Teaching

School 2.0: What if …

School 2.0: What if ...

What if students met in classrooms only when they needed to? Or engaged with experts digitally? What if we ditched our industrial revolution mindset for education? What if …

Our schools are based on a framework to create good little factory workers.

Much of traditional school paradigm that’s used today is based on the principles that helped the Industrial Revolution thrive:

Clock in. Go to your station.

Don’t talk. Do your work quietly.

Forget creativity. Forget innovation.

Clock out. Go home totally uninspired.

A talk by Heidi Hayes-Jacobs recently inspired me to think about what schools need to become. We have students who are connected, who will need creativity and complex skills to succeed in tomorrow’s world.

What year are we preparing them for, she asked, 1991 or the year they graduate? (Or the years beginning their careers?)

What we don’t need are tweaks to the current system. What we really need is a whole new system.

So I started thinking … What if?

WHAT IF students weren’t grouped by age (grade level) but by skill?

WHAT IF students had more control of the path of their own learning?

WHAT IF students used their newly learned skills to produce something meaningful instead of bubbles on a test?

WHAT IF school schedules revolved around the hours that students’ bodies were physically most ready to learn?

WHAT IF school schedules were fluid and students only were in class when they needed to be?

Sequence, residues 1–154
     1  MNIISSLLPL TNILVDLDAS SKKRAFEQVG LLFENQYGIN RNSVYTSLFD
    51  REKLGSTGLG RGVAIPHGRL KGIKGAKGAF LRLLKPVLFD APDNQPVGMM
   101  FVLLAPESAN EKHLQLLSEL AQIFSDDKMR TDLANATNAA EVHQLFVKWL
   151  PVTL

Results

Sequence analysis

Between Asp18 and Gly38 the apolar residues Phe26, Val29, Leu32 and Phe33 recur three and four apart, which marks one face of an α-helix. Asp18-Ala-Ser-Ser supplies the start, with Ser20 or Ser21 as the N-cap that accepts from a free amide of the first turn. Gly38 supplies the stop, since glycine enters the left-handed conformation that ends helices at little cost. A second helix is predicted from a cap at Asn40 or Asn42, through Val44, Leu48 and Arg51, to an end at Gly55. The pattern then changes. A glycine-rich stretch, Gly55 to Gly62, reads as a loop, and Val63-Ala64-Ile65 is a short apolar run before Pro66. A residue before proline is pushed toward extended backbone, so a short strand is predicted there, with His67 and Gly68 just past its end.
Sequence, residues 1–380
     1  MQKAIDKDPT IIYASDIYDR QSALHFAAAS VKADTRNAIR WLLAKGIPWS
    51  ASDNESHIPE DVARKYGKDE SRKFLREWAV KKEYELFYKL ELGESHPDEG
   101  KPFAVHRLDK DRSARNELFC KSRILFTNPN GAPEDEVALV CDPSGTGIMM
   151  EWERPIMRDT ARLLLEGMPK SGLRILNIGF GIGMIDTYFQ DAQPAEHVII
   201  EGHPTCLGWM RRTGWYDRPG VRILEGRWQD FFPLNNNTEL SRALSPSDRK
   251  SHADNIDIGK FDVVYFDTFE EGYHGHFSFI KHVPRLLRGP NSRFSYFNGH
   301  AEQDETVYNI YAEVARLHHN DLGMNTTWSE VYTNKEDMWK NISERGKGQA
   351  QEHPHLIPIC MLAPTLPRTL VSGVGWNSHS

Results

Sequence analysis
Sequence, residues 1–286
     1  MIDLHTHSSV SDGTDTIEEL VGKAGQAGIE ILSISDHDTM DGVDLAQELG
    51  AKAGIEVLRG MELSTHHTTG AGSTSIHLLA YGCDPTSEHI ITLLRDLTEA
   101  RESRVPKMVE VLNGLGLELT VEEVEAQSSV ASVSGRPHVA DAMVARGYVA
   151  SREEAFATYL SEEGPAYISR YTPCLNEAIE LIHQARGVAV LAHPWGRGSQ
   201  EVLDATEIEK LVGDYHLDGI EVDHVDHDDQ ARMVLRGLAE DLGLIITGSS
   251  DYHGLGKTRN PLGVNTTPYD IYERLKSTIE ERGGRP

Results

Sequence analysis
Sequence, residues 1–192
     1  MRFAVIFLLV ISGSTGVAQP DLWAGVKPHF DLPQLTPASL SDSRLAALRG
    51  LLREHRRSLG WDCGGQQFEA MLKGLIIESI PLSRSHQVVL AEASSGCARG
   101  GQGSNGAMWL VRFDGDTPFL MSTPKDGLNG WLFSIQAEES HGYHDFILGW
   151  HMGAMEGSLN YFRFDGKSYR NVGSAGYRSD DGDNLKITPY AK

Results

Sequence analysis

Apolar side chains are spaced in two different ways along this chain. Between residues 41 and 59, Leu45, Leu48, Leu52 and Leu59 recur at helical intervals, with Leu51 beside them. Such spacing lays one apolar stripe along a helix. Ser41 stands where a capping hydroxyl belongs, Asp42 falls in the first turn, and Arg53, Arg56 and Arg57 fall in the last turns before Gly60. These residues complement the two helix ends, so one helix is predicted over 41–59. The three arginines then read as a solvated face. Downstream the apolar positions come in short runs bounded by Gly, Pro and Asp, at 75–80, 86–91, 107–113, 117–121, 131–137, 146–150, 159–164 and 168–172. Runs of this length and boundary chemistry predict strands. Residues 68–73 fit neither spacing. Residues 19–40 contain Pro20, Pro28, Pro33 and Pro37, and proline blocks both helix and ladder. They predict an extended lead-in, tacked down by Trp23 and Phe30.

WHAT IF classes were more like meetings, scheduled when necessary for a specific purpose?

WHAT IF students working together was seen as collaboration instead of cheating?

WHAT IF, instead of just guessing what the author meant, students reached out to the author digitally?

WHAT IF school projects harnessed the power of young people and their passion to do something great for the community?

WHAT IF students started creating their digital footprints with quality work instead of off-color Twitter posts?

The beautiful thing about these “what if”s is that I’ve seen so many teachers creating engaging learning environments and experiences for their students. They realize that the world is different today and will be VERY different tomorrow, and they’re teaching for that.

Here’s the most important “what if” question of them all.

WHAT IF we all started moving toward relevance in our students’ lives — and in their future lives? What would education look like then?

Imagine with me — add another “what if” question in a comment below!

(For notifications of new Ditch That Textbook content and helpful links, “like” Ditch That Textbook on Facebook and follow @jmattmiller on Twitter!)

Matt is scheduled to present at the following conferences this school year:

Interested in having Matt present at your event or school? Contact him by e-mail!

Real change is slow. It’s discouraging. But it’s worth it

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